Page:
• [0184]
    One of ordinary skill in the art will appreciate that starting materials, biological materials, reagents, synthetic methods, purification methods, analytical methods, assay methods, and biological methods other than those specifically exemplified can be employed in the practice of the invention without resort to undue experimentation. All art-known functional equivalents, of any such materials and methods are intended to be included in this invention. The terms and expressions which have been employed are used as terms of description and not of limitation, and there is no intention that in the use of such terms and expressions of excluding any equivalents of the features shown and described or portions thereof, but it is recognized that various modifications are possible within the scope of the invention claimed. Thus, it should be understood that although the present invention has been specifically disclosed by preferred embodiments and optional features, modification and variation of the concepts herein disclosed may be resorted to by those skilled in the art, and that such modifications and variations are considered to be within the scope of this invention as defined by the appended claims.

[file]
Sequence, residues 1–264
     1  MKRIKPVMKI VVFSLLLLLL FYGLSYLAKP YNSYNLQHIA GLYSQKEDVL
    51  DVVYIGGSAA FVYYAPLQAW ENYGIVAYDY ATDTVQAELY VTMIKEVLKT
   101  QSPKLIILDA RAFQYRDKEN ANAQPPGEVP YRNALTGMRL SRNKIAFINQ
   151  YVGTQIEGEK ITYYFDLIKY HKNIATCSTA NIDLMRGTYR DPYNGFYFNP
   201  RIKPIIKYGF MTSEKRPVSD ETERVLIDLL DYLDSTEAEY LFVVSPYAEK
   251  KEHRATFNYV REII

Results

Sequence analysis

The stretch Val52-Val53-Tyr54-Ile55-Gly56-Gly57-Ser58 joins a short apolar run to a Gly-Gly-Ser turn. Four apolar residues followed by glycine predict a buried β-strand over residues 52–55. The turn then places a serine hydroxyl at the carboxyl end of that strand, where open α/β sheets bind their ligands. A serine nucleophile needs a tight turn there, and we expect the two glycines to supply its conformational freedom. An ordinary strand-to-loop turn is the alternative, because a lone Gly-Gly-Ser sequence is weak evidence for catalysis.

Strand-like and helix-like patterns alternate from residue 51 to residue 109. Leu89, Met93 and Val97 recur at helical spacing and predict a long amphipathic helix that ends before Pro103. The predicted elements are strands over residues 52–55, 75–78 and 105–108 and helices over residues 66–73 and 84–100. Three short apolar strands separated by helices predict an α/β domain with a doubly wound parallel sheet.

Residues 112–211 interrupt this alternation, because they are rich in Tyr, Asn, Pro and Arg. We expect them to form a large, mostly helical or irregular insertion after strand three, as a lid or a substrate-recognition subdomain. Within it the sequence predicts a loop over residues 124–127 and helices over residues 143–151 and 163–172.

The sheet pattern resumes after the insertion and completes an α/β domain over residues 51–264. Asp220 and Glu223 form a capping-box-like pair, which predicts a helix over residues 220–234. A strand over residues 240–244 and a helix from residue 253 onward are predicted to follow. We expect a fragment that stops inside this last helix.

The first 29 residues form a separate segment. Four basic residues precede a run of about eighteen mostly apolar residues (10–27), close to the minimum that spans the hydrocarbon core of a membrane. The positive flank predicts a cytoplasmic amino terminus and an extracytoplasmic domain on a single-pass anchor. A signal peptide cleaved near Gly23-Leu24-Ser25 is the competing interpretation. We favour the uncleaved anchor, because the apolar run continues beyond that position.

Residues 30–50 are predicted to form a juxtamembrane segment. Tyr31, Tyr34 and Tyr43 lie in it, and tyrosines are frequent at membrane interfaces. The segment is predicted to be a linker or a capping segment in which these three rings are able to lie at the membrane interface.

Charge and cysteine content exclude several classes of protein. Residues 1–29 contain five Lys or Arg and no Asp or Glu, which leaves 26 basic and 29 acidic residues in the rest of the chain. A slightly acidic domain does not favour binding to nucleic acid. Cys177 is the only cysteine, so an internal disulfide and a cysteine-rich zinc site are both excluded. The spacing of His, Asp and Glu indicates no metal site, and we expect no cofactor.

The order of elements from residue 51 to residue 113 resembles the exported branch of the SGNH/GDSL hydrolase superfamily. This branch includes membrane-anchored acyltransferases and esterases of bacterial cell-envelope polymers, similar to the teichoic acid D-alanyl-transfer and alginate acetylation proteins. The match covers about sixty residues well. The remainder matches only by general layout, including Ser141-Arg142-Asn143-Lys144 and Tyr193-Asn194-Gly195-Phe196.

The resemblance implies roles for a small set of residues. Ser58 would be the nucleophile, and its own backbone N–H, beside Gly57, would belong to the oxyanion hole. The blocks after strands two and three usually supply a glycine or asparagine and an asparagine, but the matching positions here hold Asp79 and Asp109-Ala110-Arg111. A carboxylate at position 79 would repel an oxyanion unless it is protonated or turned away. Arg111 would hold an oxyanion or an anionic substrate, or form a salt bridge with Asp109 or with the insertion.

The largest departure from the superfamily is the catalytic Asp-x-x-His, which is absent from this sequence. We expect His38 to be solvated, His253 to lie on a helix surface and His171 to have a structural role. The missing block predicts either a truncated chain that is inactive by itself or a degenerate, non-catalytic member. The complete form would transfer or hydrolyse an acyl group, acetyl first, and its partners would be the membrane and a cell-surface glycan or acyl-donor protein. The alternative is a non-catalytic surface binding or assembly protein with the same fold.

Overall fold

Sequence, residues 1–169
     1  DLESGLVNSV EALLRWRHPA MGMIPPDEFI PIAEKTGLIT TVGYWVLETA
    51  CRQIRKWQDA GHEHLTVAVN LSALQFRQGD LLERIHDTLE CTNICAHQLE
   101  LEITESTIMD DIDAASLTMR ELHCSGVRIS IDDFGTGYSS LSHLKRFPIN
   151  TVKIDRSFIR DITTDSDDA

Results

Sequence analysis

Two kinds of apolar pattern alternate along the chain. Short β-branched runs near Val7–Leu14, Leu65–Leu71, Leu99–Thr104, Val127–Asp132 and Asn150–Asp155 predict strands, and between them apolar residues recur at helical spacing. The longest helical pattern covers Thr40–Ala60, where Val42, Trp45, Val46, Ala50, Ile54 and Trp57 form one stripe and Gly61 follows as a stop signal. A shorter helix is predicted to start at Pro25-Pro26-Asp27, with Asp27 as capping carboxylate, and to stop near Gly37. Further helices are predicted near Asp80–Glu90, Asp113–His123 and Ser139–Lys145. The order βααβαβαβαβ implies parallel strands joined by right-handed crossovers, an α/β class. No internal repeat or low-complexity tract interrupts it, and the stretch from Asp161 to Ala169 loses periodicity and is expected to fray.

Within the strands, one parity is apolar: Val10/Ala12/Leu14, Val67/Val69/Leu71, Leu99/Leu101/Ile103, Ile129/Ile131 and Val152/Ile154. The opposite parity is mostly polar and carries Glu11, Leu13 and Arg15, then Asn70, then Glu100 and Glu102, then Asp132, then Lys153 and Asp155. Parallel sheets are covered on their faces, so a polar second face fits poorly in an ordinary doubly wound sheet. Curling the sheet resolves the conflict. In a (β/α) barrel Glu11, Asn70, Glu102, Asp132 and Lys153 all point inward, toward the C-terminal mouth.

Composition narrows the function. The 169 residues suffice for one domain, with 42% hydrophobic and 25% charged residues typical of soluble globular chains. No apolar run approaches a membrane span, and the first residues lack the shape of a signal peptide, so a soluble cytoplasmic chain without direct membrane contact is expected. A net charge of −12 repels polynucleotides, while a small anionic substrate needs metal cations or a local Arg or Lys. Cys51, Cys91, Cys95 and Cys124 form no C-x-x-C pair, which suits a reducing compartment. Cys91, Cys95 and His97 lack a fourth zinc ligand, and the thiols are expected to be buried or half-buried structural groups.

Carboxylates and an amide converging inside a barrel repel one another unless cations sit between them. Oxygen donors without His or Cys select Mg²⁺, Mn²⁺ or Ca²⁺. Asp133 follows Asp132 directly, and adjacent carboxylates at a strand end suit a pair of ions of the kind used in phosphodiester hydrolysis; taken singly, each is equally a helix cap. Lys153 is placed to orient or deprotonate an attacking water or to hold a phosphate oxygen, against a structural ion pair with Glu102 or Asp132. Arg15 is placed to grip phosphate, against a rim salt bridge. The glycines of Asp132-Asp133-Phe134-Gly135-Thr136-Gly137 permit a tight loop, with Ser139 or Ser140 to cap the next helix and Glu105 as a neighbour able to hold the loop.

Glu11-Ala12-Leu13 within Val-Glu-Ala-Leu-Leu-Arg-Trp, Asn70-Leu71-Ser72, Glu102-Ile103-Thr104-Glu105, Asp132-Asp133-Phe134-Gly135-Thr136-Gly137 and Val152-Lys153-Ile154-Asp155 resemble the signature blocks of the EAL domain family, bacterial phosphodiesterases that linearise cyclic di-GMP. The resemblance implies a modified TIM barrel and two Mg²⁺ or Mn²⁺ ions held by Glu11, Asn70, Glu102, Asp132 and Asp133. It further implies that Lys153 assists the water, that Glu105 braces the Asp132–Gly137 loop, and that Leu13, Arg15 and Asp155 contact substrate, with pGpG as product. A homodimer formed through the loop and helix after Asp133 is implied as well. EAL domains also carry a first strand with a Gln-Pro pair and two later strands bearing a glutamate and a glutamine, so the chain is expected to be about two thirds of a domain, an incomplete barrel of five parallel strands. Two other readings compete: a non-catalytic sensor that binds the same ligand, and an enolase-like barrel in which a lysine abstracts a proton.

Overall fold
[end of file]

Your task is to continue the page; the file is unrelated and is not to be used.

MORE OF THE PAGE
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Clasificaciones
Clasificación de EE.UU.429/231.7, 429/231.95, 429/217, 429/232, 429/326
Clasificación internacionalH01M4/62, H01M4/58
Clasificación cooperativaH01M4/621, H01M4/5835
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Eventos legales